US Retailers Aim to Win Over Chinese Consumers
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US retailers have long suffered with flat-to-slow growing domestic sales thanks to a sluggish economy. There is no easy solution for them as the developed US economy has no hope of growing at a rate like the world's emerging economies. So some forward thinking US retailers decided to move into the emerging markets.
One obvious target in the emerging world is the largest developing economy, China, where consumers spent an estimated $2.6 trillion in 2011, a growth rate in excess of 15%. China is not an easy market for foreign retailers to enter and be successful, so some US firms have cleverly decided to use a 'back door' with which to enter the Chinese market. That 'back door' is China's most international city, Hong Kong.
It is a logical move. In 2010, 23 million visitors came to Hong Kong from the mainland, a rise of 25% from the previous year. The visitors spent $13 billion in the city, much of it on shopping trips, accounting for a nice chunk of the $42 billion in total retail sales in the city in 2010. Although Hong Kong retail sales are tiny in comparison to the mainland, it is significant in another way.
Goods in Hong Kong have a special cachet for Chinese consumers. If a company sets up shop in Hong Kong and is successful there, it can then attract the leading distributors in mainland China to work with them to distribute their goods throughout all of China. Some familiar US retail brands have done just that and established a presence in Hong Kong and are worth a look by investors.
One of the first retailers to make a move into China was luxury goods brand Tiffany & Company (NYSE: TIF). It first set up shop in Hong Kong in the early 2000s (due to no taxes on luxury goods) with an eye on capturing mainland Chinese consumers. That strategy seems to have worked as the company expects that 18 percent of its global sales will come from China this year.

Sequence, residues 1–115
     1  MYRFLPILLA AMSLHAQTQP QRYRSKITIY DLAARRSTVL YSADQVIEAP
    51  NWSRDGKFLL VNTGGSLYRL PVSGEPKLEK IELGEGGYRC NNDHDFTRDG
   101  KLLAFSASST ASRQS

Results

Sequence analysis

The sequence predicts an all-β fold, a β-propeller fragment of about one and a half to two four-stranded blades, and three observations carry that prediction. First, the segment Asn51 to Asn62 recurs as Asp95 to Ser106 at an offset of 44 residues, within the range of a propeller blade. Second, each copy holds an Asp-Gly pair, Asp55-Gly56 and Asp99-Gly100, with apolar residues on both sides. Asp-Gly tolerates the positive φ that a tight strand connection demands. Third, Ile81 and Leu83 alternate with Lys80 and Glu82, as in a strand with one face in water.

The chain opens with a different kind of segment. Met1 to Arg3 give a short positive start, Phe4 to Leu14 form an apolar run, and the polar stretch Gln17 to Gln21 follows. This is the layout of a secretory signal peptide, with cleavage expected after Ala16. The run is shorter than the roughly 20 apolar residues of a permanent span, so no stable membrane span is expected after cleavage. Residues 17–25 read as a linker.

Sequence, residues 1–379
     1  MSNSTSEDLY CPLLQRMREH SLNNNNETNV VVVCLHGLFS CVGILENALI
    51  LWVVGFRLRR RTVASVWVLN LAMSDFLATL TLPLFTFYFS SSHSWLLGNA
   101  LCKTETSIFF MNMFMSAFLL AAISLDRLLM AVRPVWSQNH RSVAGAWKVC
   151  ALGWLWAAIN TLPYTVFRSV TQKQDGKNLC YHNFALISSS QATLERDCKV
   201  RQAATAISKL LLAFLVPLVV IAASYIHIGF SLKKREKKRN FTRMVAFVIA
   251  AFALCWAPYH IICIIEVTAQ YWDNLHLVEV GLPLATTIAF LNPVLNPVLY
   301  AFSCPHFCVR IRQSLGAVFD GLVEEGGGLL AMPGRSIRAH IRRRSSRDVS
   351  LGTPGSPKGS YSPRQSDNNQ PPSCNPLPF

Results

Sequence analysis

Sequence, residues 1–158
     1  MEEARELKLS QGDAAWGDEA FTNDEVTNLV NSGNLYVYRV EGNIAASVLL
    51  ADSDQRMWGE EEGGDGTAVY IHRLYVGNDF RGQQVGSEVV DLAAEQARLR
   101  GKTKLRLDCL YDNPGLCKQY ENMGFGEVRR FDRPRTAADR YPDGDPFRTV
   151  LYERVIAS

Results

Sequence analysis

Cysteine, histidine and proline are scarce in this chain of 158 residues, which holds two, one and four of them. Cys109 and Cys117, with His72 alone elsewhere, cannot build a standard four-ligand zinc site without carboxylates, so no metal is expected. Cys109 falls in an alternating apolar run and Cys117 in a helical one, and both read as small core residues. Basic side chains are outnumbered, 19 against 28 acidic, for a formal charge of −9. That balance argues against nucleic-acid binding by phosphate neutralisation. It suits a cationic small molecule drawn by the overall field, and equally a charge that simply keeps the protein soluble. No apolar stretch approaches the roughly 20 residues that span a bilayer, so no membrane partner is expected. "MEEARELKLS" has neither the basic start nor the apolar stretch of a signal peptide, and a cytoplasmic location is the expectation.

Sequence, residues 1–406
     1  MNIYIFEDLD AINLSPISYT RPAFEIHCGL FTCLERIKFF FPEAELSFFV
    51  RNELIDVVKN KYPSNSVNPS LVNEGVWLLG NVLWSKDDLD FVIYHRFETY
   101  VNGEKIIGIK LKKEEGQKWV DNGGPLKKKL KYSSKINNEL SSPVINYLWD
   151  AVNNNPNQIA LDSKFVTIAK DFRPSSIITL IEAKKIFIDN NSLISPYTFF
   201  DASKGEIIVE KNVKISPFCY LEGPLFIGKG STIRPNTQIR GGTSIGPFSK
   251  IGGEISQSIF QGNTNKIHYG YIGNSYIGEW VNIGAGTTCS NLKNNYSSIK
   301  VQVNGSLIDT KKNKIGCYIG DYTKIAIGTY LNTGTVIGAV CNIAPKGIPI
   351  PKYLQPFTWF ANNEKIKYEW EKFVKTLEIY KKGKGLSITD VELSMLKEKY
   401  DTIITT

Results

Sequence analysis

In a similar vein, luxury goods company Coach Inc. (NYSE: COH) also established a presence in Hong Kong and has since moved into the mainland. It will have roughly 10 percent of its sales come from China in 2012. Coach has become such a familiar name in the region that the company is even listing its stock on the Hong Kong Stock Exchange.
But luxury retailers aren't the only ones making the move to Hong Kong. Last year Abercrombie & Fitch (NYSE: ANF) ousted a long-standing luxury retailer, Shanghai Tang, out of a prime location in Hong Kong by offering to pay three times, or nearly a million dollars, the rent paid by Shanghai Tang for the location. Meanwhile, it plans to close 180 stores in the US over the next three years.
The Gap (NYSE: GPS) just opened its first Hong Kong store in November on Queen's Row, the busiest street in the city. That was an interesting move since it followed the company's move to cut 20 percent of its North American network due to an extended sales slump in its domestic market. The Gap also opened stores in Beijing and Shanghai about a year and a half ago.
Finally, just over a year ago, American Eagle Outfitters (NYSE: ANF) opened its flagship Asia-Pacific store in Hong Kong and has since opened stores in mainland China. With its recent struggles in the US, it understands the region's importance to the company's future, American Eagle Outfitters even opened a third corporate office (in addition to Pittsburgh and New York) in Hong Kong.
For investors in retailers' stocks, the key to future performance in the years ahead may lie in how well these companies are able to expand their business overseas and in the world's largest consumer market in particular. The key to future success in China starts with being successful in Hong Kong. As an executive of privately-held retailer Forever 21 said, “Hong Kong is the gateway to China, we feel it is important to establish our brand within China.”
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